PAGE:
The bitcoin price has been on a mid-week rollercoaster, and that volatility has rippled throughout the markets. Trading volume has surged to record levels and coins across the spectrum have taken steep dives from their all-time highs -- although most weekly charts remain in positive…
The bitcoin price has been on a mid-week rollercoaster, and that volatility has rippled throughout the markets. Trading volume has surged to record levels and coins across the spectrum have taken steep dives from their all-time highs — although most weekly charts remain in positive territory.
At one point, combined daily volume reached $25 billion — a new all-time high — and 24-hour volume remained above the $20 billion mark throughout a day of manic trading.
Within the past 24 hours alone, the total cryptocurrency market cap has fluctuated between a high of $345.8 billion and a low of $289 billion. That’s a spread of nearly $57 billion — and it occurred within a seven-hour period. To provide some context, the crypto market cap did not even reach a total valuation of $57 billion until May 16.
At the time of writing, the crypto market cap was valued at $298.6 billion, representing a single-day decline of almost $35 billion.
Led by insatiable demand by Asian traders, the bitcoin price crossed the historic $10,000 milestone for the first time on Monday. Since then, the bitcoin markets have been characterized by unprecedented volatility. This volatility was heightened by persistent outages on bitcoin exchanges located throughout the world. Within a five-hour period, the global average bitcoin price traded as high as $11,517 and as low as $9,601, and it has spent Thursday morning fighting to hold above the $10,000 mark.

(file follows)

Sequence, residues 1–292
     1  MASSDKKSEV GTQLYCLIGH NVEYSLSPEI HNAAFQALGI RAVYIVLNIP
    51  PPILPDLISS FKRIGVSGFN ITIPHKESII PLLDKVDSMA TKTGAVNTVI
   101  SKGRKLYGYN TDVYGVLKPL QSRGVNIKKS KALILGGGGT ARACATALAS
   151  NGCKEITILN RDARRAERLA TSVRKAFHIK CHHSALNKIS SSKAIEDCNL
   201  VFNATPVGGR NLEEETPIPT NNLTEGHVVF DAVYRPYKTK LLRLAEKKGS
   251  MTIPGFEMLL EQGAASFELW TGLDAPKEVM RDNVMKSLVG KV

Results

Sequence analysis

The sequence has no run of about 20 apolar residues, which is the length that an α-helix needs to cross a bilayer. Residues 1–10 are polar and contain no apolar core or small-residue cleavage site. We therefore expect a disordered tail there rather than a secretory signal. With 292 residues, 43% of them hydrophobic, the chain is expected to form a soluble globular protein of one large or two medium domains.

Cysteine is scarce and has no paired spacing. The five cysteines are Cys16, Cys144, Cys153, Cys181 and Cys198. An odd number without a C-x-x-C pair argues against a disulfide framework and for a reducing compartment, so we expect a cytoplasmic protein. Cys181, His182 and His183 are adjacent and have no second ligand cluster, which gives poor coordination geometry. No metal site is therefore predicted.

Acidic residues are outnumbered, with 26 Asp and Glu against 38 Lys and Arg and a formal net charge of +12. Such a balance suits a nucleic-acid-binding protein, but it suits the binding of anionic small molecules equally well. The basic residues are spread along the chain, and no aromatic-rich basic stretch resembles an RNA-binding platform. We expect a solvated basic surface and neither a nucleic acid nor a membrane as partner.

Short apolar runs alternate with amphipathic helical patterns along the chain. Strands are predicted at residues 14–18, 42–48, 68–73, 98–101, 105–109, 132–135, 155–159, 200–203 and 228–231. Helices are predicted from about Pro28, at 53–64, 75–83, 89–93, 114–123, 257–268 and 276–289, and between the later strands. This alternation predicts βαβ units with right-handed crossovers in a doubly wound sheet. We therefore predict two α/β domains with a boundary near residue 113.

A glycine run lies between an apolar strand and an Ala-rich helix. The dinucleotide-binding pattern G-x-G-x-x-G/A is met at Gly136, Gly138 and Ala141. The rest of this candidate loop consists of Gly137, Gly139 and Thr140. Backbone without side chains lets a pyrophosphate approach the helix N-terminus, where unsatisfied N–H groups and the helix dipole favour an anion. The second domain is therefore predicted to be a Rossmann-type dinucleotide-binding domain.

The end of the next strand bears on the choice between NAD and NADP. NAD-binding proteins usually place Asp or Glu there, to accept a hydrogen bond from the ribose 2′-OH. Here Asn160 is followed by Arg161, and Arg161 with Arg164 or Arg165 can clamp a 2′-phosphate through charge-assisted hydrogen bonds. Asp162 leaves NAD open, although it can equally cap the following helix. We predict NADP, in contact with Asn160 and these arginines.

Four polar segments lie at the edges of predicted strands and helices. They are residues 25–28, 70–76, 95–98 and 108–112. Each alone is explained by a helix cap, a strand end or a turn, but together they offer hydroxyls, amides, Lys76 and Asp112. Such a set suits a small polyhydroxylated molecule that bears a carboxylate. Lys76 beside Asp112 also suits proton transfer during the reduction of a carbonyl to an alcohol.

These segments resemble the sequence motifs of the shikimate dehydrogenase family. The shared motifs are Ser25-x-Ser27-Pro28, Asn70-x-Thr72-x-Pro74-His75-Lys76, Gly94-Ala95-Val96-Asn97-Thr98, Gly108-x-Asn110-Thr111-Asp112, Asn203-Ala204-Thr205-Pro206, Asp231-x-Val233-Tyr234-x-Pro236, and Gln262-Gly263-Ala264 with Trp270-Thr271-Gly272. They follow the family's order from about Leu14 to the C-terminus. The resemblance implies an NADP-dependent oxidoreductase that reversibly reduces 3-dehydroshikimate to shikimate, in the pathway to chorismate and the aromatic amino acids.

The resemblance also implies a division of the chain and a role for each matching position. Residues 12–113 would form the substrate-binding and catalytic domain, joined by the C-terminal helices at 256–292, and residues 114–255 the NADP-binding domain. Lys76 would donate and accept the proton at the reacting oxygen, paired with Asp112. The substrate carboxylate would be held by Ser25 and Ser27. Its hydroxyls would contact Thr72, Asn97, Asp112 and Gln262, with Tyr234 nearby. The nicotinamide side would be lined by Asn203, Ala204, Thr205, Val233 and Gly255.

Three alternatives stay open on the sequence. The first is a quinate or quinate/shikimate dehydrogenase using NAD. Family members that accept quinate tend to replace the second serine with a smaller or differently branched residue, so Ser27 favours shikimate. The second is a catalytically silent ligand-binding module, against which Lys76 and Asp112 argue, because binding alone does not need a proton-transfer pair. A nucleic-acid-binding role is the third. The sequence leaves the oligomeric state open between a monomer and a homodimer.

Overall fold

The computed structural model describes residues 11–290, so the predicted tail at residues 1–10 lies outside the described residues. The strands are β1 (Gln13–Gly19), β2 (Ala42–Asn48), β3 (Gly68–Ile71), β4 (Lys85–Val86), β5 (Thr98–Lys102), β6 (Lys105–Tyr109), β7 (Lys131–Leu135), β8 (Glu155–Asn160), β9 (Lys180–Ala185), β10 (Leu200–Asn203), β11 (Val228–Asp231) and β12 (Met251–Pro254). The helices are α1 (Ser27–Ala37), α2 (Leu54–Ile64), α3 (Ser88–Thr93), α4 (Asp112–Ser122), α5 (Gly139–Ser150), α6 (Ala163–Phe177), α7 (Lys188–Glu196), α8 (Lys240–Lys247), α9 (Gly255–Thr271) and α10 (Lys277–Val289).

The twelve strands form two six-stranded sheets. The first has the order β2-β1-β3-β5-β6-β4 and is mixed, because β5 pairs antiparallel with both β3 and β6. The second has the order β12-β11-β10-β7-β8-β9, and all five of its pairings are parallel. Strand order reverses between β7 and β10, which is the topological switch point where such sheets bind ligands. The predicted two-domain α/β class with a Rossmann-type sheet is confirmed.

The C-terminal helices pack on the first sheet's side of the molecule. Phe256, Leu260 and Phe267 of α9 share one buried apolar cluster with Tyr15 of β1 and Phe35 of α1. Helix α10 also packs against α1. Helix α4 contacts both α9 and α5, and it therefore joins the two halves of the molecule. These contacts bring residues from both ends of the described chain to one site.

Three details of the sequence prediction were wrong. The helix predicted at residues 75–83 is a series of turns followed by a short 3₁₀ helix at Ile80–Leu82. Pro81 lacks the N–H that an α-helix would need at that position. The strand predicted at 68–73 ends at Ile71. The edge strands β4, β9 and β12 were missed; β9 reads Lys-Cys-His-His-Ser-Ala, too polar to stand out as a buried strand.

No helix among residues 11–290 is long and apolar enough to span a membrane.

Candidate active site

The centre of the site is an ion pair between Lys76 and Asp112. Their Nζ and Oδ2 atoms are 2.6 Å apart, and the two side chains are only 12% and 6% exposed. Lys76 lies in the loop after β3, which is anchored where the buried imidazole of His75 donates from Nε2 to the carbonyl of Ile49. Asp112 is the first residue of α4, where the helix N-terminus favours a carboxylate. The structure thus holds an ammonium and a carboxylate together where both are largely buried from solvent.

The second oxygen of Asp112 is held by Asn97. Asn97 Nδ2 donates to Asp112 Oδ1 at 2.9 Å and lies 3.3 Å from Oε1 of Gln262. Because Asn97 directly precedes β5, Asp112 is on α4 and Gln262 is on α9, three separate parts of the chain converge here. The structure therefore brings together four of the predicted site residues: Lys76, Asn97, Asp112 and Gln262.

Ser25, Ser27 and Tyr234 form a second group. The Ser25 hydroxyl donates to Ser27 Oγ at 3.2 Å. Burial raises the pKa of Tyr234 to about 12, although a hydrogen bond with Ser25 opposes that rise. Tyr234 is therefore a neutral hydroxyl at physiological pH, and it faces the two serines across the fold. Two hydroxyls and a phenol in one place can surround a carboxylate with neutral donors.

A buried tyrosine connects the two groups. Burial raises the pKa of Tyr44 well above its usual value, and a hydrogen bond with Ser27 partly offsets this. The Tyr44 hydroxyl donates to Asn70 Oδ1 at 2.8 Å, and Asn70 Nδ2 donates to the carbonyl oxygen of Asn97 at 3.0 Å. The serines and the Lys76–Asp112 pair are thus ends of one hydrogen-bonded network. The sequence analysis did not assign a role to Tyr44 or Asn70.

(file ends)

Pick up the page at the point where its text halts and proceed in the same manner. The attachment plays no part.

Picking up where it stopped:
At the time of writing, bitcoin was losing that battle. Bitcoin is currently trading at a global average of $9,974, which translates into a $166.7 billion market cap. This represents a 24-hour decline of 10 percent, but — importantly — a seven-day increase of 22 percent.
As bitcoin goes, so go the markets: this principle has certainly been true this week. Numerous cryptocurrencies have ridden on bitcoin’s coattails to attain new all-time highs, and most of those coins have seen significant setbacks since the markets began to retrace.
One such cryptocurrency was ethereum. On Wednesday, the ethereum price broke through $500 for the first time, ultimately rising as high as $522 before the markets began to slide. At present, the ethereum price is trading at $434, providing the second largest cryptocurrency with a $41.7 billion market cap.
The altcoins markets tell a similar story. Nine of the 10 largest cryptocurrencies posted single-day declines in excess of 10 percent; however, nine of the top 10 coins have also made positive movement for the week.
In this latter case, the lone outlier is bitcoin cash. At $1,374, the bitcoin cash price is down nearly 14 percent for the day and 10 percent for the week.
Ripple, perhaps bolstered by the announcement that TechCrunch founder Michael Arrington is launching a $100 million XRP-denominated crypto hedge fund, managed to eek out a small gain for the week despite yesterday’s dip.
Dash, meanwhile, was the lone top 10 cryptocurrency to resist the market’s downward pressure and post a 24-hour advance. The dash price is currently valued at $775, representing a 24-hour gain of five percent and a seven-day surge of 37 percent.
Bitcoin gold — fresh off the revelation that its official wallet repository was hacked last week — fell by 14 percent, while litecoin plunged 17 percent after reaching the historic $100 mark. IOTA, monero, and cardano posted similarly-disappointing single-day performances, although each continues to boast an impressive weekly chart.
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Last modified: January 24, 2020 11:22 PM UTC